Another thing to think about when pulling water from a stream is the likelihood of a dead animal being directly above the water source. This thought has crossed my mind hiking in areas with cattle. If it’s at all possible, make the effort of getting water as high up as you can.
If you do have a bad experience with water, your trip is going to go downhill quickly. Having purifying tablets with a good water filter is a good backup plan.
Backpacking Navigation Skills
There are so many things on the market now to keep us from getting lost. GPS, as mentioned above, navigation apps on phones and wristwatch navigation. The problem with all of these is they rely on batteries. Having a general understanding of maps and always knowing where north is comes in handy if our battery systems fail.
Things get very serious quicky, with feeling lost. You don’t have to be a professional navigator, but just knowing basic navigation can save lives.
I would write about how to read a compass, but I found this article on outdoorsbeing.com that goes through everything we should need starting out. Here’s a link to the compass article.
A good habit is always to know where north is, even at work and around town. My kids are still small, but I’ll ask them where north is when we’re driving or in the city.
It’s straightforward to underestimate how hard a climb or hike is going to be. Some physical preparation is needed even on seemingly easy trails. If you put some extra effort in before your trip, the hike will be more enjoyable, reducing the chance of injury, and you’ll be able to take in more scenery along the way.
There are many exercises and stretches for hiking, but the most useful thing I’ve found is to climb stairs. Going up and downstairs for the sake of exercise isn’t fun, but the payoff is worth the effort.
On a recent backpacking trip with my brother, we were headed down the mountain back to our vehicle. We were stopped by two exhausted hikers that we’re headed to the first lake.
While it’s always encouraging to let people know they’ll be at their destination soon, we had to tell them they were still a few hours away. They had a look of despair on their face.
This is why physical preparation is just as necessary as the gear you choose to put in your pack.
You Choose Your Friends
The people with you on the hike will make or break your trip. Remember, you’re going to be sharing a lot of conversations with everyone around you. I’ve found that the first couple of days during a long trip, the conversations come easy. Something about the outdoors really makes people open up.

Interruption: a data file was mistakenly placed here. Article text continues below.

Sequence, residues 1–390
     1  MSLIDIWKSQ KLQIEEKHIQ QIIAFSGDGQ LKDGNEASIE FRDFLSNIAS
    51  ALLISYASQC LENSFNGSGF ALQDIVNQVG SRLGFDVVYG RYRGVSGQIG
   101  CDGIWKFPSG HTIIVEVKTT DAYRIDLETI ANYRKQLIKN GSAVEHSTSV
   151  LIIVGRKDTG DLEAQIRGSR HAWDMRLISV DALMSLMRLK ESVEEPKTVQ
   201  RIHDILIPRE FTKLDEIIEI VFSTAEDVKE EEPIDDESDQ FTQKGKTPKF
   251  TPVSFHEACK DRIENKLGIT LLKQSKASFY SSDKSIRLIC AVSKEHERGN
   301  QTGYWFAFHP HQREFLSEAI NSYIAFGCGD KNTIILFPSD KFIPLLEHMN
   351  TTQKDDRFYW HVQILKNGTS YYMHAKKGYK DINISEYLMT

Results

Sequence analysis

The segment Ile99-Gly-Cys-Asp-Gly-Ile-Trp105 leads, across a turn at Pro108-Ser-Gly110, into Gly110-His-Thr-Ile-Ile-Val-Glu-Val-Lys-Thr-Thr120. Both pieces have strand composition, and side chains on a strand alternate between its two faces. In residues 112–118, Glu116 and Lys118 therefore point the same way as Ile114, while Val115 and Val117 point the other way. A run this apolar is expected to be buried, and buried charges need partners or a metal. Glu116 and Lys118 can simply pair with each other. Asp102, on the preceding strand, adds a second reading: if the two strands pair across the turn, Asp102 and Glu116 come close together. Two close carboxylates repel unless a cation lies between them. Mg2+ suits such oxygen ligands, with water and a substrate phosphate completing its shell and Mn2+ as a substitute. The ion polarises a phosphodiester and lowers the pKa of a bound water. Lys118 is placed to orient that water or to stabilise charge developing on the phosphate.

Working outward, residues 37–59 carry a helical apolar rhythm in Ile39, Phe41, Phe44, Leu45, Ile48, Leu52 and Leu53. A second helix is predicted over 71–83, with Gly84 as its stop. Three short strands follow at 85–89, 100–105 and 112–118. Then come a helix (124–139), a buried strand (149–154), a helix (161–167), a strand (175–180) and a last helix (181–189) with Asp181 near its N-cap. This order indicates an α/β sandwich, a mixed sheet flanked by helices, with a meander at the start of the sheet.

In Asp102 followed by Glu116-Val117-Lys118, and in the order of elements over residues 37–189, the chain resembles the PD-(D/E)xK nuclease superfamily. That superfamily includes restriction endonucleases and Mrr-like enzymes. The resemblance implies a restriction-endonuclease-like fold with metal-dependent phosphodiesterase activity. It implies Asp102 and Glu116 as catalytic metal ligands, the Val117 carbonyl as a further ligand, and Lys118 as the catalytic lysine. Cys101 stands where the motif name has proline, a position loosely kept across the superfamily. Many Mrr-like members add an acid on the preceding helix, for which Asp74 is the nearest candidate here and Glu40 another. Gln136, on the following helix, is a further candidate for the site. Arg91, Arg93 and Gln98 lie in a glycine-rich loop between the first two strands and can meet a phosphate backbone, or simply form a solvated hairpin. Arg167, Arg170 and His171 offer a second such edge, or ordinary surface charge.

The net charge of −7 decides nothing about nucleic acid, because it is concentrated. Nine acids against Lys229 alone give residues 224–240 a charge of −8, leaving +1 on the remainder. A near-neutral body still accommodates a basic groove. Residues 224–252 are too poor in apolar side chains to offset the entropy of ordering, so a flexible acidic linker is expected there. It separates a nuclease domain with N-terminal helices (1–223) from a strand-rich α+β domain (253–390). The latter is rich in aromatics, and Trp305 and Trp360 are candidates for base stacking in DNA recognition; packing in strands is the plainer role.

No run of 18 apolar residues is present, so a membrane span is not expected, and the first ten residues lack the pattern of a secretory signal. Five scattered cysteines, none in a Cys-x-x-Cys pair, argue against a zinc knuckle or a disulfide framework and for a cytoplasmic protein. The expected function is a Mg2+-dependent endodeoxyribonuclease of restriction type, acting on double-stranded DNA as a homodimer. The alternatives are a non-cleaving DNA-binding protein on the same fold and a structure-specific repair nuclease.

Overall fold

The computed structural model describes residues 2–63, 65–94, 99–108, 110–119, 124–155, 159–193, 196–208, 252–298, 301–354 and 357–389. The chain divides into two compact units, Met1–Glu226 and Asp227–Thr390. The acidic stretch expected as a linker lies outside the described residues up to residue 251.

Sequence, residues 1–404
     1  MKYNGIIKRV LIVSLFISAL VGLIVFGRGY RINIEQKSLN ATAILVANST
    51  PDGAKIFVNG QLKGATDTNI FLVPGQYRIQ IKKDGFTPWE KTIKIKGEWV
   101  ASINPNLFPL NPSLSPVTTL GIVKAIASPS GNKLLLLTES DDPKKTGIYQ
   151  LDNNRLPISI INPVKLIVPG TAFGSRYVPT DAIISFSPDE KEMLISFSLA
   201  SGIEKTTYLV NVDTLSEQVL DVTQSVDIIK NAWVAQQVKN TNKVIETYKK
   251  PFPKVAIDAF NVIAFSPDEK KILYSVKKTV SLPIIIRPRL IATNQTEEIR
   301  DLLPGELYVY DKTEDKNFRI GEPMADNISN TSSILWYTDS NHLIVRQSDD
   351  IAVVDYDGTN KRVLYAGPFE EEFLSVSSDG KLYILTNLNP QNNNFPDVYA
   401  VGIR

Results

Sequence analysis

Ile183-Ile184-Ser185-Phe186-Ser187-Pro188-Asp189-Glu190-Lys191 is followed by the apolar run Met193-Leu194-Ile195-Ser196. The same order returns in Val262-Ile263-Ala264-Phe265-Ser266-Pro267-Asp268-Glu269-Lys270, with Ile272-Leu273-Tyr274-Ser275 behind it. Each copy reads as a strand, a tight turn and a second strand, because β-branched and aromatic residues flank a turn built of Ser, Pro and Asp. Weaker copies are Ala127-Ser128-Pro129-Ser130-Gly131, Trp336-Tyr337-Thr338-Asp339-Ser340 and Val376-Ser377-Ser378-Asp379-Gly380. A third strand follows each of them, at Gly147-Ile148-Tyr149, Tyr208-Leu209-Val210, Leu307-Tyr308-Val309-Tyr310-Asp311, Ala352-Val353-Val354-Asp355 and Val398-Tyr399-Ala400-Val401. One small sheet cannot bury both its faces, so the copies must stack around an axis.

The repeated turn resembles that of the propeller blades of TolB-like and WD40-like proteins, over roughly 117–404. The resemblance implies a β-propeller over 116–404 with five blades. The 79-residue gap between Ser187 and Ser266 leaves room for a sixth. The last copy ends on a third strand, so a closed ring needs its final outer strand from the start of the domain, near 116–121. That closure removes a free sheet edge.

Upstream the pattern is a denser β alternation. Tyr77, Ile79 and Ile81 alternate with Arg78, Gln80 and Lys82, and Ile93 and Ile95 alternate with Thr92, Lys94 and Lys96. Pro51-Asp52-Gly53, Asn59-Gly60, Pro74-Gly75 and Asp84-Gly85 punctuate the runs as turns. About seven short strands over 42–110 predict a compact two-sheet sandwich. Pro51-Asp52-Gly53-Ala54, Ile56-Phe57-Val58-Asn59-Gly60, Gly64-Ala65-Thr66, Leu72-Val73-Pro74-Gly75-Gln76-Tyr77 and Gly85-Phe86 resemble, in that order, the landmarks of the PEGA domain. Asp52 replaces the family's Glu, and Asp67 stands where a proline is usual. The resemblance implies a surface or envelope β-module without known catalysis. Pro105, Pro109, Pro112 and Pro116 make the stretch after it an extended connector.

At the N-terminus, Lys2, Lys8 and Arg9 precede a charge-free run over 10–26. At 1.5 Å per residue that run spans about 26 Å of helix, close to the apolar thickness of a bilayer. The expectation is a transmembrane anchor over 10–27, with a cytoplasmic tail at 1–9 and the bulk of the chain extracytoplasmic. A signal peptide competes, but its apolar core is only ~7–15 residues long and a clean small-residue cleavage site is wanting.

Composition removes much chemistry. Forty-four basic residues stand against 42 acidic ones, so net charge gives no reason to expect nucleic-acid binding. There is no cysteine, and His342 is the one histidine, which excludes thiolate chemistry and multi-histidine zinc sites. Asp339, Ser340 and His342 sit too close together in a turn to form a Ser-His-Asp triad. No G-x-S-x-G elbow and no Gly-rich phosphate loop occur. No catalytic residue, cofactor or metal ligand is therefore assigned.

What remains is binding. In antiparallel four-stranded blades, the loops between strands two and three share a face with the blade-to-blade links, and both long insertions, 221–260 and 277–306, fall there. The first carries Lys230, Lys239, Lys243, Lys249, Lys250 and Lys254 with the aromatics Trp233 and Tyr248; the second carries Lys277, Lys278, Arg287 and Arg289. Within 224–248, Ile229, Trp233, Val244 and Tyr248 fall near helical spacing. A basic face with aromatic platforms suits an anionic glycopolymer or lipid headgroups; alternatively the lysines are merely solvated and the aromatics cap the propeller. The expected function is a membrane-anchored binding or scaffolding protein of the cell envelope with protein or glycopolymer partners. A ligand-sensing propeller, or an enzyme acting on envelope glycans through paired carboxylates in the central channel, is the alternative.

After the first few days, the conversations can become shorter, and I’ve learned to give my fellow hikers some more space. Silence and enjoying nature is a big part of being outdoors.
This isn’t just hiking and camping related. I’ve noticed the same thing in running groups as well. Be mindful that for new members, it can be challenging for them to keep up with more experienced hikers. Make sure to be encouraging along the way by taking breaks as needed.
Bringing Too Much Stuff Camping
We’ve all done it! Bringing too much food, clothes, or just generally packing the stuff we don’t need, or that will never get used. This is where group hiking can be very beneficial. I always bring a few items for redundancy like my telescoping fish pole, but in the unlikely chance my stove stop working, I can borrow someone else’s in the group.
Make a list of stuff you need on the next hiking trip right after your last trip. This is probably one of the best tips I can give a new hiker. After the first long trip with family members, I sprawled all my gear and my backpack on the floor.
Seeing some stuff I just never used, such as my Kindle and large Carhartt jacket, I decided never to retake these. Did I really need those three pairs of blue jeans?
Experience and Embracing Mistakes
We all make mistakes. No one was born being the best at something. Looking back at your past, cringing at some of the things you’ve done only means you’ve grown as a person. Embrace and learn from your mistakes; look forward to the future.